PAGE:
Maternity Services Shrewsbury and Telford Hospital NHS TrustPublished on: 12 September 2018
This blog was written by Ruairi Willis who spent a week with us on work experience this summer.
In January 2017, the former Health Secretary Jeremy Hunt ordered an investigation into a series of allegations that questioned the maternity services at the Shrewsbury and Telford Hospital NHS Trust. This attracted national media attention with several families being formally identified. Recently, it was announced that this investigation was to be widened following a further number of families coming forward about potential poor maternity care.
The independent review was launched last year due to nine deaths between September 2014 and May 2016. According to subsequent inquests, seven of these deaths were “avoidable”.
The original figure in early 2017 related to 23 cases at the Shrewsbury and Telford Hospital NHS Trust, however this figure has now risen to over 40 cases. The original 23 cases that were reviewed included baby deaths, maternal deaths and brain injuries due to alleged inadequate maternity care.
Lack of staff
Last summer, The Shrewsbury and Telford Hospital Trust invited the Royal College of Obstetricians and Gynaecologists to conduct an evaluation of maternity services. The report highlighted a number of issues that included a culture of learning from incidents was not apparent and there was a lack of staff – particularly midwives.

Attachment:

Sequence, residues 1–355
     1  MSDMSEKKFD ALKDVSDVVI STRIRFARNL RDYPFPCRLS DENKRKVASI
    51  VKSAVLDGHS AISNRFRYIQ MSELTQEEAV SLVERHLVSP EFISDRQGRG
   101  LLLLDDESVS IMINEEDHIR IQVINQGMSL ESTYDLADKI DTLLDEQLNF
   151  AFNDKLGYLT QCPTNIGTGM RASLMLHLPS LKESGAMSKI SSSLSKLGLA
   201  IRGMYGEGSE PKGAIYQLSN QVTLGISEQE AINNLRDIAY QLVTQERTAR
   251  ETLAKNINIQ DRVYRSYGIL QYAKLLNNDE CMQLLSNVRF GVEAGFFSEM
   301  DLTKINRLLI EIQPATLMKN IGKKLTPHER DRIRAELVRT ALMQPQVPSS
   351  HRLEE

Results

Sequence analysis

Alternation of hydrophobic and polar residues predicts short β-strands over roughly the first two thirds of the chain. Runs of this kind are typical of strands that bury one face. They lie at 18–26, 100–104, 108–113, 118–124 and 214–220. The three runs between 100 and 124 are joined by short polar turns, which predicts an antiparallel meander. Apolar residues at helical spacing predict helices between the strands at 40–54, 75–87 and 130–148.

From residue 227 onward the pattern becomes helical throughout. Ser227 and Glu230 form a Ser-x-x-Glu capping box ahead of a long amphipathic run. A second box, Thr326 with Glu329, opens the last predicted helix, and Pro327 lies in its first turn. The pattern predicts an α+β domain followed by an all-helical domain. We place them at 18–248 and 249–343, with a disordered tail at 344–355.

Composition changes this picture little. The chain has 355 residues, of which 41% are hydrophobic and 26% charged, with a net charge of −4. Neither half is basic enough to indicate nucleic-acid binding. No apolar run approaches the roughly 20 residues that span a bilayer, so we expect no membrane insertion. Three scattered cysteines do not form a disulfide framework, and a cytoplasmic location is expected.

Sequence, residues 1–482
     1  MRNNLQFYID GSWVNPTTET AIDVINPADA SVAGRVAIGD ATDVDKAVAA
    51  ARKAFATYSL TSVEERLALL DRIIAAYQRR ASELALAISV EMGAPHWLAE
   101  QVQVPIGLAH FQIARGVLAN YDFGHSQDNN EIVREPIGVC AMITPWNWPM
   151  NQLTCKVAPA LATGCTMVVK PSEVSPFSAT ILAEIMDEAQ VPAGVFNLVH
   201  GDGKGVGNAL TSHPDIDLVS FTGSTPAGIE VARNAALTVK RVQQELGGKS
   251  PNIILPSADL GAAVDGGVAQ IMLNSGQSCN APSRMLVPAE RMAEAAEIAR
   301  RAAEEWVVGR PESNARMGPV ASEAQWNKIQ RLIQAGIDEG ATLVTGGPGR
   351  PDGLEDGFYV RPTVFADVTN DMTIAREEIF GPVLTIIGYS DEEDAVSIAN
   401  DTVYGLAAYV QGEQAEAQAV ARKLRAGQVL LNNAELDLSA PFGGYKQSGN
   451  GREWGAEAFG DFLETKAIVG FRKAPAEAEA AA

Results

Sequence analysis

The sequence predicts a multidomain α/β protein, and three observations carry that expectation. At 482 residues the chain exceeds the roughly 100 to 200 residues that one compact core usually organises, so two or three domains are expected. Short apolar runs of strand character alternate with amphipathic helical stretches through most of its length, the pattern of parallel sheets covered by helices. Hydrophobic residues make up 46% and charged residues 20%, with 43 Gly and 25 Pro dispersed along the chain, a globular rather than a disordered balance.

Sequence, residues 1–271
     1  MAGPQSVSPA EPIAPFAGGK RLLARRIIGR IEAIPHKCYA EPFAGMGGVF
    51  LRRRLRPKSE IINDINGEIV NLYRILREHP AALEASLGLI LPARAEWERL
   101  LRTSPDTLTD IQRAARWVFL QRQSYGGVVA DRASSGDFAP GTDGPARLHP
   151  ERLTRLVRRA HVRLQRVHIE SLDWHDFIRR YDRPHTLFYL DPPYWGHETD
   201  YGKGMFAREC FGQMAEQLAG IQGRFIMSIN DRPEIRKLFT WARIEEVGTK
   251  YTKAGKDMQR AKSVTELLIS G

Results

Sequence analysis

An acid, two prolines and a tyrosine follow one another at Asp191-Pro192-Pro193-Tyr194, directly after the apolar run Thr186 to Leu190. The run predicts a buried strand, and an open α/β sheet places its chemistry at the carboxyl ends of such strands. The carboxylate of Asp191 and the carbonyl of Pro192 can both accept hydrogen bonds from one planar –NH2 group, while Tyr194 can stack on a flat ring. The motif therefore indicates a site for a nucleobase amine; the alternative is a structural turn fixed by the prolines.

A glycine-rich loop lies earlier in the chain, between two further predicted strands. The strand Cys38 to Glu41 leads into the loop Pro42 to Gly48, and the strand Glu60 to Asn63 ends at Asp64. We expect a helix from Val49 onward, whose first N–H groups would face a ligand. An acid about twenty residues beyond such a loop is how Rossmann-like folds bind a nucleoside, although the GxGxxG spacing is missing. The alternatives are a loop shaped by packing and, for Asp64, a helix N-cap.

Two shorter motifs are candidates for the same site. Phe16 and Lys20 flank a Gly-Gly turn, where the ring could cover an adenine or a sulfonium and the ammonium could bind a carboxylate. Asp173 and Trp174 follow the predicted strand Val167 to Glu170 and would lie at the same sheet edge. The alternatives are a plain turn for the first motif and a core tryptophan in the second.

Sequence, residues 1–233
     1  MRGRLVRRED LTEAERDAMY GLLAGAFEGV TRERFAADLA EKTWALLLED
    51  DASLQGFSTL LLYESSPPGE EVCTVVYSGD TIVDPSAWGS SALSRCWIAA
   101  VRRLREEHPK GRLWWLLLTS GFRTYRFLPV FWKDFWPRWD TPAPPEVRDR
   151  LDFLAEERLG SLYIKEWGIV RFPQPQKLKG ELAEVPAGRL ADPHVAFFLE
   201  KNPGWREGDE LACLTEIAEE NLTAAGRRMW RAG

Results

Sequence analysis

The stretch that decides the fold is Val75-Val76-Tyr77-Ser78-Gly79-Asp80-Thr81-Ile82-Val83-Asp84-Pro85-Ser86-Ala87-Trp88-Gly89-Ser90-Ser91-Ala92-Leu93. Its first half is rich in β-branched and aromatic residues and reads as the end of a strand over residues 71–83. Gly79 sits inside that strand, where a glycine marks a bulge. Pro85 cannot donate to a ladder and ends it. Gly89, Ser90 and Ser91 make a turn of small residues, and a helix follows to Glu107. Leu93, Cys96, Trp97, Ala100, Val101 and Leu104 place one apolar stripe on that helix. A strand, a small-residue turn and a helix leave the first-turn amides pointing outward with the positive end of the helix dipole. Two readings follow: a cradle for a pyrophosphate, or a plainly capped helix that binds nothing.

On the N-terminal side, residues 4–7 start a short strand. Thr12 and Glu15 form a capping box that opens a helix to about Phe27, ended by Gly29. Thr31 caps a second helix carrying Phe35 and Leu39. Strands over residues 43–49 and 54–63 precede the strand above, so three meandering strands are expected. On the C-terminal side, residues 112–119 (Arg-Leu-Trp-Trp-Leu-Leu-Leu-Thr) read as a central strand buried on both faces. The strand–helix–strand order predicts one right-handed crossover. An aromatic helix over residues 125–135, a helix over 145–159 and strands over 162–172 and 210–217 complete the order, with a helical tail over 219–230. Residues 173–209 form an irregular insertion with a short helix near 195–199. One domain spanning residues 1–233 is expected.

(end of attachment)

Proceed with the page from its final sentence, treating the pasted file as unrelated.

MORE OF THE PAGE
The Shrewsbury and Telford Hospital NHS Trust has said that it has written to a further 12 families to seek permission for their care to be reviewed as there “may be potential for further learning”.
Simon Wright, the Trust’s Chief Executive suggested that there are no further cases which have not been revealed and to suggest there was/is “irresponsible and scaremongering”.
On the other hand, as the number of cases increases, anxiety throughout the local community will increase as the investigation widens. There is a need to understand why these failings occurred and the assurance they will not be repeated.
Lanyon Bowdler is representing several families whose babies have died or have been born with injuries. The priority for the Shrewsbury and Telford Hospital NHS Trust is to provide reassurances that preventable deaths will not occur again.
As more families come forward about their experiences, there must be a degree of accountability and a transparent process that allows the public to ascertain the severity of the failings that have occurred. In my view it is pertinent for any organisation to recognise its failings and improve through education. The culture could be reformed by encouraging staff to highlight safety issues through increased dialogue before a patient is injured.
Nevertheless, the focus should strive to ensure that the failings in these cases should never happen again and this will be down to constant review, adequate supervision and on going training.